This study has used biochemistry and real time confocal imaging of green fluorescent protein (GFP)-tagged molecules in live cells to explore the dynamics of protein kinase B (PKB) regulation during B lymphocyte activation. The data show that triggering of the B cell antigen receptor (BCR) induces a transient membrane localization of PKB but a sustained activation of the enzyme; active PKB is found in the cytosol and nuclei of activated B cells. Hence, PKB has three potential sites of action in B lymphocytes; transiently after BCR triggering PKB can phosphorylate plasma membrane localized targets, whereas during the sustained B cell response to antigen, PKB acts in the nucleus and the cytosol. Membrane translocation of PKB and subsequent PKB activation are dependent on BCR activation of phosphatidylinositol 3-kinase (PI3K). Moreover, PI3K signals are both necessary and sufficient for sustained activation of PKB in B lymphocytes. However, under conditions of continuous PI3K activation or BCR triggering there is only transient recruitment of PKB to the plasma membrane, indicating that there must be a molecular mechanism to dissociate PKB from sites of PI3K activity in B cells. The inhibitory Fc receptor, the FcγRIIB, mediates vital homeostatic control of B cell function by recruiting an inositol 5 phosphatase SHIP into the BCR complex. Herein we show that coligation of the BCR with the inhibitory FcγRIIB prevents membrane targeting of PKB. The FcγRIIB can thus antagonize BCR signals for PKB localization and prevent BCR stimulation of PKB activity which demonstrates the mechanism for the inhibitory action of the FcγRIIB on the BCR/PKB response.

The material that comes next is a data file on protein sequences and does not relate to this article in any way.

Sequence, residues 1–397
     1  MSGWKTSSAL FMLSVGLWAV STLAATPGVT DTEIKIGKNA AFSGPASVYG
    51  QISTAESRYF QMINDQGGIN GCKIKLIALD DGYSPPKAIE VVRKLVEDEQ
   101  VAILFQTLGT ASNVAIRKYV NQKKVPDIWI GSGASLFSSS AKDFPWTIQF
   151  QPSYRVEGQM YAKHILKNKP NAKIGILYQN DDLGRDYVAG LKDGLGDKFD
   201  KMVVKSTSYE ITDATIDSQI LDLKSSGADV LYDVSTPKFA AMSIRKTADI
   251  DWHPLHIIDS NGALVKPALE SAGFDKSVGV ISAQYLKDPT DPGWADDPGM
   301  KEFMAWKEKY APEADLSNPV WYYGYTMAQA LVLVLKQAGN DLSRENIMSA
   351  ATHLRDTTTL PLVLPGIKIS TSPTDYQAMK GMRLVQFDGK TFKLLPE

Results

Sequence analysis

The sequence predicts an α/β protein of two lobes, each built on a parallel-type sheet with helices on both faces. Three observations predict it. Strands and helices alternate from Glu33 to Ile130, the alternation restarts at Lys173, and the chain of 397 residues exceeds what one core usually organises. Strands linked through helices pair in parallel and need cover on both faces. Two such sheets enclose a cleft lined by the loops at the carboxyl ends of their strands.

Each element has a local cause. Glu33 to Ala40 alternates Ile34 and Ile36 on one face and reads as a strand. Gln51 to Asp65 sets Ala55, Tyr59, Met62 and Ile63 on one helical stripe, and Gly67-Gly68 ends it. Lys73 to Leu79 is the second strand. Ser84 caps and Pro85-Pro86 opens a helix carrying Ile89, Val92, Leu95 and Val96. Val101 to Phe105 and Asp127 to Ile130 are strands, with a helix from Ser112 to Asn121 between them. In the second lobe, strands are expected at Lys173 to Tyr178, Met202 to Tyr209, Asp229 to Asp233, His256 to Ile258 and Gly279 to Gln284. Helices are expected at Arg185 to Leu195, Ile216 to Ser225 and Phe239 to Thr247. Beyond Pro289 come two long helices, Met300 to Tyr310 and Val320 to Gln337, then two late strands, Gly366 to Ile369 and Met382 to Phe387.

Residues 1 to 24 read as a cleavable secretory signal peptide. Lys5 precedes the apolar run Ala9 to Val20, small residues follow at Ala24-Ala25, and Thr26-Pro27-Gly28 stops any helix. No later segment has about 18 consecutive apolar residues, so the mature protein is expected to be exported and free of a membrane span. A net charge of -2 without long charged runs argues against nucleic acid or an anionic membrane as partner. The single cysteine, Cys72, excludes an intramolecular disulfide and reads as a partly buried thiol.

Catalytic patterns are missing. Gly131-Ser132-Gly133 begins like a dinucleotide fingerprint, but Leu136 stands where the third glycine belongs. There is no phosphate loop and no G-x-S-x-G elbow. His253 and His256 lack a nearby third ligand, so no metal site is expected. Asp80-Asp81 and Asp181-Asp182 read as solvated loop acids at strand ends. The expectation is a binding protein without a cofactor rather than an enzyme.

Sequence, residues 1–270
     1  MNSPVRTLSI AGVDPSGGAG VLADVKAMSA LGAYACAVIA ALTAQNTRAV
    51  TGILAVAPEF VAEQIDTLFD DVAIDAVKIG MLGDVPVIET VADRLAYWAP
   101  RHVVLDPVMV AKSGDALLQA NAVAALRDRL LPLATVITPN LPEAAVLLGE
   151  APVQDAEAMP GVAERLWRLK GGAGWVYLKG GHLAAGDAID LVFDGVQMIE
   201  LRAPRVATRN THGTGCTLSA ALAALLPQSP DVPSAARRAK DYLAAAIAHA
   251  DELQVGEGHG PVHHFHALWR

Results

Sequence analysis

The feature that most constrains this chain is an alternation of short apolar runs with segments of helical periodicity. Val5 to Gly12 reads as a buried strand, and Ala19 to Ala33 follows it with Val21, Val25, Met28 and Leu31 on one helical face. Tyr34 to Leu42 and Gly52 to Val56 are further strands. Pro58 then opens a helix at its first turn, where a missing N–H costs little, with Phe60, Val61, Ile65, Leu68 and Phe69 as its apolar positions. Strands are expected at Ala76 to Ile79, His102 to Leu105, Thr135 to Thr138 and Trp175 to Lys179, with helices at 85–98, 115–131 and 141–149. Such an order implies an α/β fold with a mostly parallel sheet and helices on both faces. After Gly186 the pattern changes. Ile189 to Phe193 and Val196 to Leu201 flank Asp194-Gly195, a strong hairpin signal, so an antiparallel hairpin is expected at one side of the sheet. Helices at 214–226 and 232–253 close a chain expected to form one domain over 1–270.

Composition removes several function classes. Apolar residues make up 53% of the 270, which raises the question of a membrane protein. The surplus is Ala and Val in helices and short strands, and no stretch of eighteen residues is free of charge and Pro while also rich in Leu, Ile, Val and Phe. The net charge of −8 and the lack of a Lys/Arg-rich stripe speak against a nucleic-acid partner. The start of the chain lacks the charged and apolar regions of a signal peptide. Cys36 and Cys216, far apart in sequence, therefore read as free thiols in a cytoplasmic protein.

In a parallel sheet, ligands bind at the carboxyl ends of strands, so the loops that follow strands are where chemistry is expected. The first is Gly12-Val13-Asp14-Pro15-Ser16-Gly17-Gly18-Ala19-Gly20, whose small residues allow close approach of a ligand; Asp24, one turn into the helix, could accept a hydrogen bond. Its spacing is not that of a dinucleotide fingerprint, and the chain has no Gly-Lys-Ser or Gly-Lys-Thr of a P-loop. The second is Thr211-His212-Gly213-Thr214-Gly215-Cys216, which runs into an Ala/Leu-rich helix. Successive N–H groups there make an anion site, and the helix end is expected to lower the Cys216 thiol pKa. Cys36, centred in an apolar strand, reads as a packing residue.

- B cell antigen receptor
- Phosphatidylinositol 3-kinase